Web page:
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The War Poems

4.21 of 5 stars 4.21  ·  rating details  ·  1,104 ratings  ·  46 reviews
Sassoon, who lived through World War One and who died in 1967, was, as the introduction to this book tells us, irritated in his later years at always being thought of as a "war poet". Understandable perhaps from the point of view of the poet: readers on the other hand might wish to demur. The poems gathered here and chronologically ordered, thereby tracing the course of th ...more
Paperback, 168 pages
Published May 14th 2013 by Faber & Faber (first published 1919)
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This letter, "A Soldier's Declaration," explains why Siegfried Sassoon is a great poet of WWI, and it contains all of why I love him. Enjoy.

I am making this statement as an act of willful defiance of military authority, because I believe that the war is being deliberately prolonged by those who have the power to end it.

I am a soldier, convinced that I am acting on behalf of soldiers. I believe that this war, upon which I entered as a war of defense and liberation, has now become a war of aggress
Sassoon knew both Graves and Owen. These poems written during, or after, the Great War are at once dark, forbidding, cynical, and beautiful. Some poems are addressed to men Sassoon knew, such as Graves; while others address those who stay at home - from women, to the old men, to the boycotts. Some are addressed to the nameless dead. If you are interested in the Great War, you should add this to your reading list.
Free download available at Project Gutenberg.




Casnewydd Hydra
The human condition.
Sassoon is a surgeon of a poet. He can cut out your heart in ten lines. He should have lived in the twitter era. If anyone could make 140 characters sting or sing it would be Sassoon.

He sucks you in with banality (the happy young soldier, the troops marching past a general) and then smacks you with a harsh reality (happy soldier commits suicide, the general gets these jovial troops slaughtered). Or he does the opposite when he describes a heart broken man mourning his brother's loss and then end
Loved it - Sassoon is surgical in the precision with which he characterises human feelings and emotions, the futility of the war, its blind cruelty, and how in the end soldiers keep fighting because of the loyalty they feel to their companions also thrown in what is perceived quite clearly as a senseless butchery.

There are so many verses to quote, so many striking poems that the only thing which makes sense is to read them all - however I found the one below incredibly prescient, and think it sh
Courtney Johnston
I saved this up specially for Anzac Day, as a the-personal-is-political gesture. I mean no disrespect to those who have fought in wars for the New Zealand government (I hesitate to say 'for New Zealand' here) and to those who lost friends and family to the war, but there's a maudlin sentimentality to the way we approach the two Word Wars in this country that makes my gut churn.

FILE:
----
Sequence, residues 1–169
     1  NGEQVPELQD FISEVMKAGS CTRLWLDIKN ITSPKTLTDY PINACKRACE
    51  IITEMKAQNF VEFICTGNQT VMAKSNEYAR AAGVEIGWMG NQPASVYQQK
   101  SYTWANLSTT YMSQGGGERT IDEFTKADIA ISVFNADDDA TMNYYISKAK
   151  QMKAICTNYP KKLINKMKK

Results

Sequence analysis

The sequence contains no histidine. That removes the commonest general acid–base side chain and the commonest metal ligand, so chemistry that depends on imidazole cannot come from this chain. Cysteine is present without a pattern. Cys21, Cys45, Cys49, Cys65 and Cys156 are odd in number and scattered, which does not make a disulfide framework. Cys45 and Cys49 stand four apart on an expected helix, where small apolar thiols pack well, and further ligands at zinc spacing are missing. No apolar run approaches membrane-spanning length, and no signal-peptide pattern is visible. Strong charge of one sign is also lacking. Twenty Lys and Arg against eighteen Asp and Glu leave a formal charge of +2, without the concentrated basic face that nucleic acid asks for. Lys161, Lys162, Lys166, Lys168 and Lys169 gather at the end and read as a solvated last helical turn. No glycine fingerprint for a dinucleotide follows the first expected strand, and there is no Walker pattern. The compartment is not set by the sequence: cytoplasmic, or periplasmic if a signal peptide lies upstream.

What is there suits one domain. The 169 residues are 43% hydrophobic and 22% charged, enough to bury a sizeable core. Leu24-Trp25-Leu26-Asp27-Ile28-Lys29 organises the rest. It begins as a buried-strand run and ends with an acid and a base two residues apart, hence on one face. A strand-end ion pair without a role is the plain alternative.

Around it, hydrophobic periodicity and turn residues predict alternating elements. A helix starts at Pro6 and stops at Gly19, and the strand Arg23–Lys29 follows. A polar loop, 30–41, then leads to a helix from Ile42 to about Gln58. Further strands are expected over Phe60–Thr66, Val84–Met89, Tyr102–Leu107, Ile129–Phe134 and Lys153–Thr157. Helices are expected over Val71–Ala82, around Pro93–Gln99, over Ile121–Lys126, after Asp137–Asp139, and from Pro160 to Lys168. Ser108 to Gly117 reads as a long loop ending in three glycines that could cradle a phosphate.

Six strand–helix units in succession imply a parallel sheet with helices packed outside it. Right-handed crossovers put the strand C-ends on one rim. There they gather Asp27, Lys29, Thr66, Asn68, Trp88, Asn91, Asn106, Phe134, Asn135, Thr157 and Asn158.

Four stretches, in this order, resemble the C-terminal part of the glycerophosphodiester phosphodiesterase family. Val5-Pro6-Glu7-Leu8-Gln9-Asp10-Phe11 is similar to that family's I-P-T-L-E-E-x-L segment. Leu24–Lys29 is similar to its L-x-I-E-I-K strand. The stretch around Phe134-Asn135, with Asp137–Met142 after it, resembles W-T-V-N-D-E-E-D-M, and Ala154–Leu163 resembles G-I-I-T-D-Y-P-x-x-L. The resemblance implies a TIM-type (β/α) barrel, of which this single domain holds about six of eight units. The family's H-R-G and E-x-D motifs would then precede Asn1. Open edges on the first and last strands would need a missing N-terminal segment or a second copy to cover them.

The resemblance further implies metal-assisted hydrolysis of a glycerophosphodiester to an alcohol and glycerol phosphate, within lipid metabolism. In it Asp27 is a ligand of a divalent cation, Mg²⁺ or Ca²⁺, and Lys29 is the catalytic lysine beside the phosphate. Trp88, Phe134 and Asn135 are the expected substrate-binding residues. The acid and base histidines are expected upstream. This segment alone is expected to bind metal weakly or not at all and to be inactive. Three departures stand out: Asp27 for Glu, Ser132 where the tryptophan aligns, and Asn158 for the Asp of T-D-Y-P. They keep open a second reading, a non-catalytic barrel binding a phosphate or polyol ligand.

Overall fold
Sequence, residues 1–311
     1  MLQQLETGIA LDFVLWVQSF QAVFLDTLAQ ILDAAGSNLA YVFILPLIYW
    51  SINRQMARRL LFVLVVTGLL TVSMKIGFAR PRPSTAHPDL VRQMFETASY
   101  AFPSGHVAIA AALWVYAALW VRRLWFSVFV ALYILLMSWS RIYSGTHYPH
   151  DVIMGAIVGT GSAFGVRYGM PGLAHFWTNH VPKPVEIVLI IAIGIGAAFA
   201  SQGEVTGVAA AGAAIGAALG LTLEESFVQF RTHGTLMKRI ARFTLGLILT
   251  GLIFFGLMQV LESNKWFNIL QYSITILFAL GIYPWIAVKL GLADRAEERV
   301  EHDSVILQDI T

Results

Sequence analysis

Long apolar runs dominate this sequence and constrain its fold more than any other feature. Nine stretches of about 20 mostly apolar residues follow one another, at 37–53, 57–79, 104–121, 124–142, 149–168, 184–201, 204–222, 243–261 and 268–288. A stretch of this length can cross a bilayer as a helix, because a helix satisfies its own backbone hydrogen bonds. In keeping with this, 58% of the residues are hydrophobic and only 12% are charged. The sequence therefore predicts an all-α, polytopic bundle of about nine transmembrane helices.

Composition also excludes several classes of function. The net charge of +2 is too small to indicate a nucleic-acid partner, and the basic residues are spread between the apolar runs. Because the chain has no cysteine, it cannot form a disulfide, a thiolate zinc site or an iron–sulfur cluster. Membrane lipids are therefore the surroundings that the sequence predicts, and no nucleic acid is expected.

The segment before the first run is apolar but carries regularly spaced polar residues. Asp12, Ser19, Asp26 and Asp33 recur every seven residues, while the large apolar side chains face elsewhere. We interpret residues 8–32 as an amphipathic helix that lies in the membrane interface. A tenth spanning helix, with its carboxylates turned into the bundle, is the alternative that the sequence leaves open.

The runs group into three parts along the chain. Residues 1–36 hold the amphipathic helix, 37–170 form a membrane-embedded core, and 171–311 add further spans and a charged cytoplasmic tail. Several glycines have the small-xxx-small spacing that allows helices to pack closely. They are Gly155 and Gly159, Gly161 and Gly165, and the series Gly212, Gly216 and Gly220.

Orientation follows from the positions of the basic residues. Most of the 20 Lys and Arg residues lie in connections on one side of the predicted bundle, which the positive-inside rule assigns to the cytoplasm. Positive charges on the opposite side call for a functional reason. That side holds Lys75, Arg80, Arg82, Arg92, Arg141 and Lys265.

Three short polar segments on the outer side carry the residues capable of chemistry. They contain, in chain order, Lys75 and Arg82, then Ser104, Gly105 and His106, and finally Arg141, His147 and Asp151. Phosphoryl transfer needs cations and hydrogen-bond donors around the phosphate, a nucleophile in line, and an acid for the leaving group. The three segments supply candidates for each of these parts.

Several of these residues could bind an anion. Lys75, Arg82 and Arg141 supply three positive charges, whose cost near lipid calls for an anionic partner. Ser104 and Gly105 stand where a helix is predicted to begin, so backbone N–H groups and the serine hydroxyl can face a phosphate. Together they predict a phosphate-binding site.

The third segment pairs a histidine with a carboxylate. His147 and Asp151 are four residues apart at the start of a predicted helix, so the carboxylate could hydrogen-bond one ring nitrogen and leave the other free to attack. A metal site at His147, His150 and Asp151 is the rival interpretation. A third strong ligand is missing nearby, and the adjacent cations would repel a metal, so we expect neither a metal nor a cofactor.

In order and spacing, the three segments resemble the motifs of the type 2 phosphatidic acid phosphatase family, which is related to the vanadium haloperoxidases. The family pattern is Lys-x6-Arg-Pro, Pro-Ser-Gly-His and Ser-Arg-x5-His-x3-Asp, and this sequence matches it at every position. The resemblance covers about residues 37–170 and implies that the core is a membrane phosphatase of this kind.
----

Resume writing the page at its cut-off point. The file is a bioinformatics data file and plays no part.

I think this is only going to get worse as we approach the 100th anniversary of the First World War. If I was in charge
I am always reticent to write about poetry as technical knowledge of the craft never found its way into my education. So I will stick to the simple understanding of this collection. The work represents a cross section of Sassoon's stark and vivid poems from the beginning of the First World War to its end.

The first collection of poems detail the characters and terrible sights he saw as an officer in Belgium and France. The soldiers after awhile transcend class and rank and come across simply as m
Jeanette (jema)
This was in insight into a world so foreign to me and that was the reason I read it all. I am just not a poetry person but found it insteresting in regards to the subject.
Christopher Athey
Aware of the courage and strength of character of Siegfried Sassoon, after reading Pat Barker's excellent Regeneration, I wanted to undertake a more comprehensive reading of his work. Several of his poems stood out as raw and emotional depictions of the horror of the war, yet I felt a need to gather a more complete picture of Sassoon. Such an influential writer I wanted to know more and, hopefully, hear the voices of those who went to war.

Supplementing poetry that I read 5 or 6 years ago on the
Paul Taylor
I don't know how he does it, we are worlds apart in just about every respect but his poetry (and his prose) speaks to me like few others. Auden is often described as a lazy poet, famed for his first lines. Sassoon is the opposite, he writes highly accessible verse and then concludes with a two line stanza that eviscerates the reader. His time spent in Craiglockhart gave us not just an outpouring of poetry from him but also helped Wilfred Owen to mature into one of the most memorable of the War p ...more
I have very little knowledge of what makes good poetry, and very little experience reading it, so I will keep thjs brief.

Sassoon is to the point, with minimal vagueness or room for ambiguous interpretation. While I could imagine a more seasoned poetry reader could find this dull, it made it a perfectly accessible volume for me to start reading poetry.

One can see Sassoon evolving over the years, both in writing style and in his views on the war. That, perhaps more than the individual poems, gives
Sassoon is one of those names one remembers because it sounds vaguely funny. When first introduced to him, probably in high school, I recall there being a joke about a bassoon. Still we knew he wasn't a really great poet because...well because he didn't sound like more than a relative to a hairdresser.
Then again his portrayal of war, and that is all we knew of him at the time, was disturbing. He described war in such stark detail that one could feel the rumble, smell the death and decay and wond
"The Redeemer"

Darkness: the rain sluiced down; the mire was deep;
It was past twelve on a mid-winter night,
When peaceful folk in beds lay snug asleep;
There, with much work to do before the light,
We lugged our clay-sucked boots as best we might
Along the trench; sometimes a bullet sang,
And droning shells burst with a hollow bang;
We were soaked, chilled and wretched, every one;